5. 5. A Non-canonical Genetic Code in Streblomastix strix 1341 Table 1. Synonymous substitution patterns in Streblomastix a-Tubulin b-Tubulin EF-1 a HSP90 Total TAR þ CAR 12 19 19 18 Synonymous substitutions (observed:potentiala) 0.1845 0.3904 0.3657 0.2448 Non-synonymous substitutions (observed:potentialb) 0.0103 0.0066 0.0369 0.0205 YAA-YAG conversions (observed:potential) 0.2500 0.2632 0.3158 0.2222 TAR-CAR conversions (observed:potential) 0.1667 0.3158 0.5789 0.3889 a The frequency of an amino acid multiplied by the number of positions within its codons that can change resulting in a synony- mous substitution (see Materials and Methods). b The frequency of an amino acid multiplied by the number of positions within its codons that can change resulting in a non- synonymous substitution (see Materials and Methods). encoding glutamine, and in none of these has a and Dinenympha, and to characterise more pro- TAA or TAG codon been observed, suggesting tein-coding genes from diverse oxymonads. Given that these oxymonads use the canonical genetic the poor sampling of molecular data from oxy- code. However, every one of these genes was monads, it is reasonable to suspect that this acquired by reverse transcriptase (RT)-PCR from character may be widespread among species not mRNA, leaving open the formal, albeit unlikely, yet examined at the molecular level. possibility that oxymonads use a T-to-C RNA edit- ing mechanism, and that we are observing pre- Codon usage in Streblomastix edited genes in Streblomastix. Second, general characteristics of protein carboxy termini and Comparing the sequences of both genomic mRNA 30 untranslated regions (UTRs) hold infor- DNAs and mRNAs from all copies of all four mation about potentially important characteristics protein-coding genes reveals that virtually every of the genome, and whether different transcripts amplification product characterised is unique are from different alleles or loci. (nearly all of the variation being synonymous). For each of the four genes, 30 RACE products of The 30 UTR sequences suggest that most of this the expected size were amplified, cloned, and five variation can be attributed to variation between individual clones sequenced. As with the genomic alleles, since in most cases the 30 UTR sequences clones, a substantial degree of synonymous varia- for a given gene are clearly homologous. In EF-1 a tion was observed between different RACE clones, and a-tubulin mRNAs, however, two entirely non- and between the RACE clones and the genomic homologous classes of 30 UTR were observed. This PCR products, such that only three redundant suggests that, in at least these two instances, two sequences were found. In b-tubulin and HSP90, distinct loci were characterised. all 30 UTRs were clearly distinct but related, If TAA and TAG encode glutamine, then TAR/ while the 30 UTRs of a-tubulin and EF-1 a fell into CAR variation should closely resemble other two distinct classes that shared no detectable synonymous variation (this would not be observed sequence similarity. This suggests that the varia- if there was a very strong bias toward one or the tion observed in coding regions might reflect other, but this is not the case). Taking a representa- different alleles (those with similar UTRs) as tive amino acid sequence for each gene, the poten- well as different loci (those with different UTRs). tial number of synonymous and non-synonymous In either case, each distinct RACE product is substitutions can be calculated (Table 1), and com- clearly derived from a unique coding sequence, pared with the actual number observed between and the termination codon of each product is those copies of the gene that have been sequenced. accordingly evolving independently. It is signifi- For each gene, these ratios are similar (some cant, therefore, that every one of the 16 unique difference being attributable to the number of RACE products terminated at the expected pos- copies of the gene that have been characterised: ition with a TGA codon (many genes terminate see Materials and Methods), and the difference with two TGA codons spaced 3 bp apart). In between the two is about an order of magnitude addition, all RACE products contained TAA and (Table 1, rows 2 and 3). If substitutions at both the TAG codons at positions otherwise conserved for first and third positions of glutamine codons are glutamine, and the proportion of CAR to TAR examined, the ratios are found to be in line with matches closely the pattern observed in genomic ratios calculated for synonymous positions for sequences (2:1). Altogether, there is no indication that gene (Table 1, rows 4 and 5), suggesting that of RNA editing. This suggests that this non- C-T substitutions at the first position are canonical code is either restricted to Streblomastix, synonymous. or that Pyrsonympha and Dinenympha use the If the variation in codon use between different non-canonical codons at a much lower frequency. alleles and loci are considered to be at least partly To determine the distribution of this code in oxy- independent, a table of codon frequencies for monads, it will be necessary to characterise the 30 30,804 bp of coding sequence can be compiled ends of protein-coding genes from Pyrsonympha from all unique sequences. While this does not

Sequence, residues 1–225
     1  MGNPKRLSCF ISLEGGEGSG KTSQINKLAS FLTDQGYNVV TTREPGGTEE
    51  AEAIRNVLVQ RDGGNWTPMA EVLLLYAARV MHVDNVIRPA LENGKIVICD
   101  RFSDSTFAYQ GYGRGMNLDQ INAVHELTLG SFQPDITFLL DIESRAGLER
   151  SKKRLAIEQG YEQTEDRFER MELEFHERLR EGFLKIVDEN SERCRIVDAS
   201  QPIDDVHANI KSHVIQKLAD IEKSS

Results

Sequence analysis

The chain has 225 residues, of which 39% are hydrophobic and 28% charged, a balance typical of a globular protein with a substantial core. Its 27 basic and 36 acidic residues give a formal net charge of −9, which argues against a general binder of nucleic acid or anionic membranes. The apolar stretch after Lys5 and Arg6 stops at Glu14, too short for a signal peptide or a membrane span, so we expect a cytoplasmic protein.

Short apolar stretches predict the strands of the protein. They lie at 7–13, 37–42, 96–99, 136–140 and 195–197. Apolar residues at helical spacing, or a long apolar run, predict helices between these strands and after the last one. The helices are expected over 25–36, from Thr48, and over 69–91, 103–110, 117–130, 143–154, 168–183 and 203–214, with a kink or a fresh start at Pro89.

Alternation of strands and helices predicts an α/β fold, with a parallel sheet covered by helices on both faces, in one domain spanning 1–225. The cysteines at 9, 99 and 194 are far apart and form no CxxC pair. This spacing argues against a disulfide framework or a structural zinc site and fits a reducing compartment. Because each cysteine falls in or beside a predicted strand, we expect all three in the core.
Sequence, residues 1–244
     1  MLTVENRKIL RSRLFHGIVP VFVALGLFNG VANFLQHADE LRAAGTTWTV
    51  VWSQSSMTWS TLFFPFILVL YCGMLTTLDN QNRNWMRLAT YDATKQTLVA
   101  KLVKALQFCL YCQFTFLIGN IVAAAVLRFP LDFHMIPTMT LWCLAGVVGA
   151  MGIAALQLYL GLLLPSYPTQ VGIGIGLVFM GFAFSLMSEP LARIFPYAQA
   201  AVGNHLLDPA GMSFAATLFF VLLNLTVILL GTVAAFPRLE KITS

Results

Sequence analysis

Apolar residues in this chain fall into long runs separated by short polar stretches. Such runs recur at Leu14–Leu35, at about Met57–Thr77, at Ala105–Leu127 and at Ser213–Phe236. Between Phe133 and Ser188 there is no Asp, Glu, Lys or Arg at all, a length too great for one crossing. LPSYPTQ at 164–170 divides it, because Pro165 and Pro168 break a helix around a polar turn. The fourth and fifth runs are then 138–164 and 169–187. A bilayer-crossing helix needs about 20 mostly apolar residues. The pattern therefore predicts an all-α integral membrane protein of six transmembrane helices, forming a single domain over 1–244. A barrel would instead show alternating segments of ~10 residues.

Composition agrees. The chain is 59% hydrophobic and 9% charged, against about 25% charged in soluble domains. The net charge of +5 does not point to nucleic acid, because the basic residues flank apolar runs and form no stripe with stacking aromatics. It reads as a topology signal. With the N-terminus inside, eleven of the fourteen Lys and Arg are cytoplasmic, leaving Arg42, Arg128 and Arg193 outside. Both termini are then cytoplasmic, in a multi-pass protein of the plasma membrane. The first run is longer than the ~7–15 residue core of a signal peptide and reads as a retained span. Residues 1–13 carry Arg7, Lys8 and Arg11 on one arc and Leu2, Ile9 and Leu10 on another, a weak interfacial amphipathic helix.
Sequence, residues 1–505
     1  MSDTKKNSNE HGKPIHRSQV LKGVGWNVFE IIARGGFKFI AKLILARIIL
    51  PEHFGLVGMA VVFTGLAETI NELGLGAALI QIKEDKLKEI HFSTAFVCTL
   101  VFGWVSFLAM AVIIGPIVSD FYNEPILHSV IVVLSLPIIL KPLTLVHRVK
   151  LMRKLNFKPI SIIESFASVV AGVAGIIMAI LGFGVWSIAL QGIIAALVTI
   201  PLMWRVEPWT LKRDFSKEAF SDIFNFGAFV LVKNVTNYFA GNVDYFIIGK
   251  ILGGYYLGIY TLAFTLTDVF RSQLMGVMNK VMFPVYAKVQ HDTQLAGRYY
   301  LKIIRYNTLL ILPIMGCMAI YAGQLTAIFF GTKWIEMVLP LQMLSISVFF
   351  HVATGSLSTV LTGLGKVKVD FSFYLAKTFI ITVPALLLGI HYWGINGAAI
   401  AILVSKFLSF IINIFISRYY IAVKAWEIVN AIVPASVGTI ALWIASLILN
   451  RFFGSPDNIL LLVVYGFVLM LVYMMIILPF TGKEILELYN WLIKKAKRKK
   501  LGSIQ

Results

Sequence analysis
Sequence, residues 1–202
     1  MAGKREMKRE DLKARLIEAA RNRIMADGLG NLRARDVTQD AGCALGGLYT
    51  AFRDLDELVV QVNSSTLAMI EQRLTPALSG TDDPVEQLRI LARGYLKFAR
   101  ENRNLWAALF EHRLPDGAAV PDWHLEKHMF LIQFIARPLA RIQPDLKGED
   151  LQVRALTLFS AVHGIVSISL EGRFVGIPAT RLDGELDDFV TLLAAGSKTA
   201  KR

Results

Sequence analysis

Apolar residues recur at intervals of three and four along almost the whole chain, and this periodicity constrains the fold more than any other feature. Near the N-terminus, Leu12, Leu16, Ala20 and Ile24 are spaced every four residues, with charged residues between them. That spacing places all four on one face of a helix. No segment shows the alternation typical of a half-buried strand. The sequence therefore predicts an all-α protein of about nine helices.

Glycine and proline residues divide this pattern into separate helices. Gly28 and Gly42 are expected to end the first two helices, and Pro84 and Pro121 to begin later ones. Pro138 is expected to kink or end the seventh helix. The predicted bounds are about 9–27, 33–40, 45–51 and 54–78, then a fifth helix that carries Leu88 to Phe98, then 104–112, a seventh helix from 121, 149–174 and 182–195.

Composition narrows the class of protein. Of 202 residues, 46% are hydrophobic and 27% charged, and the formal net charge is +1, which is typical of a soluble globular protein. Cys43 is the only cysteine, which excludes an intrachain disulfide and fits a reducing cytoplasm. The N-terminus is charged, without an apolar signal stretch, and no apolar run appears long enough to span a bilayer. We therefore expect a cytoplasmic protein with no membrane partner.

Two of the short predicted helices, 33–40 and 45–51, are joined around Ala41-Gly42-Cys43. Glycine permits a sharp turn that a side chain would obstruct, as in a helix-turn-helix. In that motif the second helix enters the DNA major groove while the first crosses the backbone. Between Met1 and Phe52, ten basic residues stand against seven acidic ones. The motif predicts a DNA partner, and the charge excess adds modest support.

6. 6. 1342 A Non-canonical Genetic Code in Streblomastix strix represent the codon biases throughout the Streblo- of other non-canonical codes, including that found mastix genome, because this is a skewed set of in diplomonads. genes (three being constitutively highly expressed), it does reveal some trends. First, there is an The evolution of the genetic code obvious bias in favour of the canonical CAR gluta- mine codons over the non-canonical TAR codons, Figure 4 shows an SSU rRNA phylogeny inclu- as they appear at a ratio of approximately 2:1. ding all eukaryotic lineages known to use a non- There is no consistent AT or GC bias (for instance, canonical genetic code, and indicates how each asparagine codons are biased to C at the third differs from the standard code. It is difficult to position, aspartate codons are biased to T). determine exactly how many times the code has Similarly, there is no consistent purine or pyrimi- changed in eukaryotes because the phylogeny of dine bias (for instance, there is an A bias in serine, ciliates is uncertain and the code has changed proline, threonine, and alanine and a T bias in many times in ciliates (likely a result of ciliates valine). The most conspicuous bias is towards A adopting their unique system of differentiated residues at the third position of codon quartets. germ-line and somatic nuclei32), but it is clear that While it is true that existing sequences cannot the code has changed in five distinct lineages. It is reveal all past mutation biases in a genome, the interesting that in four of these lineages, the same existing data from Streblomastix reveal no strong non-canonical code has appeared, and there are bias that could be interpreted as a driving force to strong reasons to believe it has appeared more change the genetic code. than once independently in ciliates,10,14 while the other three codes known in nuclear genomes are each found only once (although a good case can Phylogeny and the distribution of non- be made for two origins of UGA encoding trypto- canonical genetic codes in eukaryotes phan in Blepharisma and Colpoda10). Traditionally,29,30 and more recently,31 oxymo- Code changes involving stop codons are nads have most often been considered to be detected far more easily than changes where related to retortamonads and diplomonads. Recent codons shift from encoding one amino acid to molecular data have suggested that this is not the another, so it is possible that these dominate our case22 – 24 but, nevertheless, the occurrence of the understanding of code changes simply because same non-canonical genetic code in an oxymonad additional changes have gone undetected in poorly and the hexamitid diplomonads16,17 does require studied genomes. However, there are reasons to some careful attention to determine whether the believe that stop codons could be reassigned more two variant codes really evolved independently. easily than other codons. Most importantly, stop To this end, phylogenetic trees were inferred using codons are rare in any genome (each represented the five genes characterised to determine the distri- a maximum of once per gene, and more likely bution of this code among eukaryotes. Trees based much less), and the fewer the number of codons on the four protein-coding genes are shown in in question the easier it is to reassign them, since Figure 3, and a phylogeny of SSU rRNA genes is it demands fewer events and fewer potentially shown in Figure 4, where all lineages with non- deleterious intermediates. Nevertheless, it would canonical nuclear genetic codes are indicated. appear that TAA and TAG are especially prone to In all cases where other oxymonad sequences are reassignments in eukaryotic genomes, and when known (SSU rRNA, a-tubulin, and EF-1 a), Streblo- they are reassigned, they always encode glutamine. mastix branches with the other oxymonads, as Why such a bias would exist, and why it would expected. In no case does Streblomastix or the be phylogenetically restricted are interesting oxymonads in general show a specific relationship questions, and the answer is probably a complex to any other lineage that uses this or any other mix of the various factors that constrain the genetic non-canonical code. In particular, no phylogeny code. We will consider three such factors: the shows a close relationship between Streblomastix translation termination apparatus, tRNAs and and the hexamitid diplomonads, although the tRNA synthetases, and mutation frequencies. b-tubulin phylogeny does show Streblomastix as a First, the translation termination systems of close relative of the parabasalia and diplomonads eubacteria, archaebacteria, and eukaryotes have as a whole. Even in this case, the two lineages now been characterised partially, and there are sharing the same divergent code are separated substantial differences between eubacterial and by the parabasalia and the diplomonad Giardia nuclear systems. In particular, eubacteria use two intestinalis, both of which use the standard termination factors: RF1 recognises UAA and code.16,17 Altogether, the phylogenies do not show UAG, and RF2 recognises UAA and UGA.33 – 35 In strong support for any particular position for contrast, eukaryotes and archaebacteria possess a Streblomastix in the eukaryotic tree, other than single protein factor, eRF1, which recognises all being related to other oxymonads and Trimastix. three stop codons.36 – 38 It has been argued that Regardless of the precise evolutionary origin of changes to the codon recognition site of eukaryotic Streblomastix and the oxymonads, the phylogenies eRF1 can lead to the loss of UAA and UAG demonstrate unambiguously that the non-canoni- recognition.10,39 Conversely, it is probably very cal code in Streblomastix evolved independently difficult to reassign UAA in eubacteria, since there